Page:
We watch a container ship, in silent effort, slowly, laboriously work its way up the Thames Estuary headed for the Port of London.

“In our story,” I return to the subject, “what about the disappearing child? When his mother and supposed father are cast out to sea, does he go with them?” I let a little false shock enter my voice.

Melissa, smiling, claps her hands once at my humor. “You have addressed the economy of characters so common to the fairy tale. Of course we don’t know what happens to the child. He has played his role and since he no longer forwards the story, he disappears. Though a prince he may be, he no longer shows his face.

“Also in our story, he is not the first to meet that fate. Lars’ parents are given no better. Lars’ father is mentioned at the start, so we know Lars had a recognized father. (Lars’ parentage of his son is not so clear.) Lars has a conversation with his mother, who sends him to the communal well, but after that she is no longer part of the story. Even when Lars is transformed into a decent human being and becomes king, there is no mention of him inviting his parents to live with him and his wife in the castle. Some tales will extend that courtesy, but they are usually French.”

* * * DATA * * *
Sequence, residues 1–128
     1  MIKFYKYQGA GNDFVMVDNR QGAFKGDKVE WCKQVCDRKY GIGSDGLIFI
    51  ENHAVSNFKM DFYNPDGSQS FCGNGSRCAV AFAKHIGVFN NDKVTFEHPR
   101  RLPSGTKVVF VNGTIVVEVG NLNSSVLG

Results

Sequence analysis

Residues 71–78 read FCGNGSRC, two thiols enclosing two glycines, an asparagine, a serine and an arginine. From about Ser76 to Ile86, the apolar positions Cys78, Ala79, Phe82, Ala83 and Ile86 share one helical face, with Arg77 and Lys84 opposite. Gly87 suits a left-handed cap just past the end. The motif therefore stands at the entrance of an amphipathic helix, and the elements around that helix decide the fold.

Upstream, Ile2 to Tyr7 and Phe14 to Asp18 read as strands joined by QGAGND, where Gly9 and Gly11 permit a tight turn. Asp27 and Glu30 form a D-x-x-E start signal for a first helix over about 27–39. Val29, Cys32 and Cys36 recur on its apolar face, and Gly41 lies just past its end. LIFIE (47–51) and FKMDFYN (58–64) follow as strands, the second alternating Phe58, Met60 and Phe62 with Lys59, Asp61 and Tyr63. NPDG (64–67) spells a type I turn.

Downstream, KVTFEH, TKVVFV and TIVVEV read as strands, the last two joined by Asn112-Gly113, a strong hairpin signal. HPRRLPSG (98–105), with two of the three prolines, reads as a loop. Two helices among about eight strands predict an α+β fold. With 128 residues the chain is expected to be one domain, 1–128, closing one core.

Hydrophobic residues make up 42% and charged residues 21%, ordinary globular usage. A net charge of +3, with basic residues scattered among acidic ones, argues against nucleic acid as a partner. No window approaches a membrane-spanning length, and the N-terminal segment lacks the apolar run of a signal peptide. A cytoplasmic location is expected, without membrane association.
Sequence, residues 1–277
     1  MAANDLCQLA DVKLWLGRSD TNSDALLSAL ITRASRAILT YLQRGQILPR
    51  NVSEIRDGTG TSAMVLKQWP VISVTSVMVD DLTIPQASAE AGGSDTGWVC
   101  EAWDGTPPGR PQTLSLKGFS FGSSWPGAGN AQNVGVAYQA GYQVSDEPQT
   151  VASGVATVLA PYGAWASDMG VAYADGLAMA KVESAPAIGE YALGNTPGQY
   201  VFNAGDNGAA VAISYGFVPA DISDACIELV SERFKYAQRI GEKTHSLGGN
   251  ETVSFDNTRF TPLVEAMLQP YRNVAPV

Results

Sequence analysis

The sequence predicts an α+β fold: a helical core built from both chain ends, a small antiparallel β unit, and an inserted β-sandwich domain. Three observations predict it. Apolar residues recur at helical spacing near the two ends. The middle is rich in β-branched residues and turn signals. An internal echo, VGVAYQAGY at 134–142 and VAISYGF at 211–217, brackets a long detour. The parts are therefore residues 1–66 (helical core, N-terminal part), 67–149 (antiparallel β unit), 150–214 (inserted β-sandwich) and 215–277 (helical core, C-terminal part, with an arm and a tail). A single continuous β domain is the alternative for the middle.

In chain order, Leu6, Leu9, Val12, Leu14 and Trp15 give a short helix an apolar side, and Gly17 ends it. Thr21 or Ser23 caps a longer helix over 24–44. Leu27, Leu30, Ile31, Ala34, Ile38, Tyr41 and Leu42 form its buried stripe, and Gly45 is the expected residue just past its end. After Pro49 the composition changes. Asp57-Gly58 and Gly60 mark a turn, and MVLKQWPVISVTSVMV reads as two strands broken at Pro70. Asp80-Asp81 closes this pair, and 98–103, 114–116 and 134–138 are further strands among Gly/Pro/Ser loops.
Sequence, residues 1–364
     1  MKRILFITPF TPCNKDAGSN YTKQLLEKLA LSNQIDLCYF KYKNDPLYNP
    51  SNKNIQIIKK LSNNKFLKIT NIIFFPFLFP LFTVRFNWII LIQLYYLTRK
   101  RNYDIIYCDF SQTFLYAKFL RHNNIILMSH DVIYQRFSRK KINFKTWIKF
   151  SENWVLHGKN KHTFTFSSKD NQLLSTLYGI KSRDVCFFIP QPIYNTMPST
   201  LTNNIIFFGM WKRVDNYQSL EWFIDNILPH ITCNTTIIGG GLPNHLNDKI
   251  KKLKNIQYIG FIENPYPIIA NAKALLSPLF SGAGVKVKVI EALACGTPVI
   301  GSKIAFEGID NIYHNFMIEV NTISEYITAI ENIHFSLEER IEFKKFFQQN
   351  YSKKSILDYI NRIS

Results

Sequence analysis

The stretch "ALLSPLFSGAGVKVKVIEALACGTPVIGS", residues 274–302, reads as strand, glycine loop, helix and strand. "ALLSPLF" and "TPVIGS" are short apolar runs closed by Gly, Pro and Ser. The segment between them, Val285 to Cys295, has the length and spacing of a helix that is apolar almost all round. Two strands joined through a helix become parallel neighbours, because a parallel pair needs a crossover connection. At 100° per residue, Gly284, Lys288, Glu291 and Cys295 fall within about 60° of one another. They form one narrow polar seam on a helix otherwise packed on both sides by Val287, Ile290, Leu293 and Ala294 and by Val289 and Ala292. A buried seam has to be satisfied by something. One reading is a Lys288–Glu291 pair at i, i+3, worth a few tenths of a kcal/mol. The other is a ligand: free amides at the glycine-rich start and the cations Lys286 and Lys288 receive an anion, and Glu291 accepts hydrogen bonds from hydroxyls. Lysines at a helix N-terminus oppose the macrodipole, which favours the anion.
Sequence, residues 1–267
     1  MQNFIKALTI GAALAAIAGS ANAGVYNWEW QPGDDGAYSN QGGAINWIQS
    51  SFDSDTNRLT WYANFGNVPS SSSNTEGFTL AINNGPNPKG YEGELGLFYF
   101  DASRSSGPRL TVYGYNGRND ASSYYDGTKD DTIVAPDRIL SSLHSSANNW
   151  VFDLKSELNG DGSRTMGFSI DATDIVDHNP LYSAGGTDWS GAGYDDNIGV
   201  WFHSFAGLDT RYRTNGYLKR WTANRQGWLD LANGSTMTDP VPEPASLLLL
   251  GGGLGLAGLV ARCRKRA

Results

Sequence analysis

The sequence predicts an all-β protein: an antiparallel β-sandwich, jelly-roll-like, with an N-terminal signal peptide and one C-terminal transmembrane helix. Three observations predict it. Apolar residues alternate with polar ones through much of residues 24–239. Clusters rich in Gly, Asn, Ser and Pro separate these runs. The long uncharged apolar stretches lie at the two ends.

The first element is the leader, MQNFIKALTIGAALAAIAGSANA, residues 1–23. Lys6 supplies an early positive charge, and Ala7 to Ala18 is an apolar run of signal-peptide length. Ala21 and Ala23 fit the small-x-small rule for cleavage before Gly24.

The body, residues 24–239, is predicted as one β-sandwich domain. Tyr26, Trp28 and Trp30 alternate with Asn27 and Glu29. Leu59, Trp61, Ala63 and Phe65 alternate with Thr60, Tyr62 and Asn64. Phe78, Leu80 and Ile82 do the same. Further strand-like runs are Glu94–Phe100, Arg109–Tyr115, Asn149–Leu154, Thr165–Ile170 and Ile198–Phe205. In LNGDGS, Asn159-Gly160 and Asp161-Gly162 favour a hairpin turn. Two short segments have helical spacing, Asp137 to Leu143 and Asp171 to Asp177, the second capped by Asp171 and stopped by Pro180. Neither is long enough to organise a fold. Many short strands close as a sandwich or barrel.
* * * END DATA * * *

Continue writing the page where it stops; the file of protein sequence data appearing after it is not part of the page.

“Fathers,” I say, finishing off my salad, “suffer the most from what you call the economy of characters. The notable exception is in Hansel and Gretel, where the children returning to their father at the end of the tale is their return to their former status. He needs to be there. Usually, as in the Beauty and the Beast variants, the father creates the dilemma, but then fades from the story as the jealous sisters take over.”

Melissa nods in agreement as, for dessert, she presents from her basket a peach cobbler. All conversation ceases.

Your thoughts?

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1 Comment

  1. Good to see another Danish story. I have several of Stephen Badman’s excellent collections, and now I have ordered this one.
    And thanks for your interesting thoughts on the culture-specific role of women in folk tales.

    Reply